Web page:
Because of its flexibility and privacy, arbitration now occurs more frequently in complex, high-stakes cases when speed and simplicity may not be primary goals. As a result, the cost of commercial arbitration is increasing. Careful prearbitration planning by corporate counsel is critical to control litigation costs. Specifically, arbitration agreements should define as many of the arbitration parameters – including discovery, scheduling and appeal procedures – as practical. Counsel who invest time negotiating these subjects before arbitration will minimize costly disputes during the process.

Discovery and Scheduling
Unlike traditional litigation, which is guided by statutory procedural rules, arbitration clauses can limit the number and length of depositions, interrogatories or document requests, as well as the scope of expert testimony. Parties can even substitute other discovery methods, including meetings between key executives to directly discuss disputed issues. Consider letting the parties' expert witnesses testify in the presence of each other, with time to comment on the opponent's testimony.

Arbitration allows flexible scheduling. Parties can agree to work late one day to finish an expert's testimony, use video conferencing for a remote witness, or interrupt one witness to accommodate another. Unlike most jurors, arbitrators are experienced factfinders who can be trusted to overlook the order of presentation and stay focused on the separate evidence offered by each party.

Single Arbitrator v. Panel
Arbitrated disputes can be decided either by a single arbitrator or by a panel of arbitrators. Generally, if a commercial dispute can be tried in less than two weeks, involves fewer than 10 witnesses and requires just one area of specialized expertise, a single arbitrator can handle the matter. On the other hand, a panel of three impartial decision-makers is preferred when the factual complexity, legal novelty or public significance may challenge the memory, acumen or courage of a lone arbitrator. The breadth of expertise and expanded ability to attend to details can justify the cost of a panel. Alternatively, to supplement a single arbitrator's expertise, the parties can authorize the single arbitrator to consult an impartial expert approved by all parties.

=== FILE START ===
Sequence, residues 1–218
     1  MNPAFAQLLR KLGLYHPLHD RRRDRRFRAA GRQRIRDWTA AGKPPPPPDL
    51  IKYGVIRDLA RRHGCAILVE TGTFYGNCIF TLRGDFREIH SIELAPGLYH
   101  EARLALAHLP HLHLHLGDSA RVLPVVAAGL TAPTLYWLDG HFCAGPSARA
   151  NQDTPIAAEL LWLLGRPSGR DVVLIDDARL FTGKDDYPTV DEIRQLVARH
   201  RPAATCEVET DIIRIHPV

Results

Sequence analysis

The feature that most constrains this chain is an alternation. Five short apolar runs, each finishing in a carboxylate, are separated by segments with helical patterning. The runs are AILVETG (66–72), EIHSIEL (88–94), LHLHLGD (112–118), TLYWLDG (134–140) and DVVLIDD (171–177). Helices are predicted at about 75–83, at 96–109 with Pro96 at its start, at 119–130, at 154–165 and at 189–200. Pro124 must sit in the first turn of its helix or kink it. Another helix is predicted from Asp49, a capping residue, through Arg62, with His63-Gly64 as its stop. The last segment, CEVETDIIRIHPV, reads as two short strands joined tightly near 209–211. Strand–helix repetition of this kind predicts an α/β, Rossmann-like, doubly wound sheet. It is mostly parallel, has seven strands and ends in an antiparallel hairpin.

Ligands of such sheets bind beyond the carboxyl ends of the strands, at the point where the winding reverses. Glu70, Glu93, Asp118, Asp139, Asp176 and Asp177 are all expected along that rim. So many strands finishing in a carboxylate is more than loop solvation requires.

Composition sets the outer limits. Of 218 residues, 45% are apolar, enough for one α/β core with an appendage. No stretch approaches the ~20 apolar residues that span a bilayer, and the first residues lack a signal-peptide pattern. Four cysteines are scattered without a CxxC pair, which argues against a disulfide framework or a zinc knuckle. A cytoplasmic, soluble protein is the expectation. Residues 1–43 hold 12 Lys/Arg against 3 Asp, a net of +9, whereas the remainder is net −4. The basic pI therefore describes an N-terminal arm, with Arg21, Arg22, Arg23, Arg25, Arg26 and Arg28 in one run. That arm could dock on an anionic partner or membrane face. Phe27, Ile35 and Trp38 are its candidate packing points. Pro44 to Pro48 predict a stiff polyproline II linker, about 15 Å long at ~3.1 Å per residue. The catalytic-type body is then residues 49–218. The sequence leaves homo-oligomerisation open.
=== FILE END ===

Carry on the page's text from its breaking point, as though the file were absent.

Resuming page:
Partisan Panel
Party-representative a/k/a "partisan" panels can be effective when the panelists are not arbitrators but party executives. True party representatives such as chief financial officers or product managers can provide value not only to the analysis of the case, but also to the design of a resolution, producing a commercially sensible remedy. In cases involving ongoing business relations, participation of executives as arbitrators can promote a vision past the immediate dispute to more profitable future opportunities.

Appeals Panels
Companies can specify an appeal procedure in arbitration clauses. Three-member appellate arbitration panels can review the decision of a single arbitrator. The arbitration agreement should define the standard of review, the briefing schedule and decision deadline. The appellate panel can be less expensive than a panel at trial and provide a comforting safety net to litigants who are concerned about the finality of a single arbitrator's decision.

The Upshot
For in-house lawyers looking for swift and cost-effective means to end conflicts, alternative dispute resolution offers distinct advantages over traditional litigation. Counsels control of the process from the outset will ensure that cost-savings is one advantage.


Maria C. Walsh, Esq. is a mediator and arbitrator with JAMS — The Resolution Experts, the nation's largest private alternative dispute resolution provider. Contact her at mwalsh@jamsadr.com or 617-228-0200.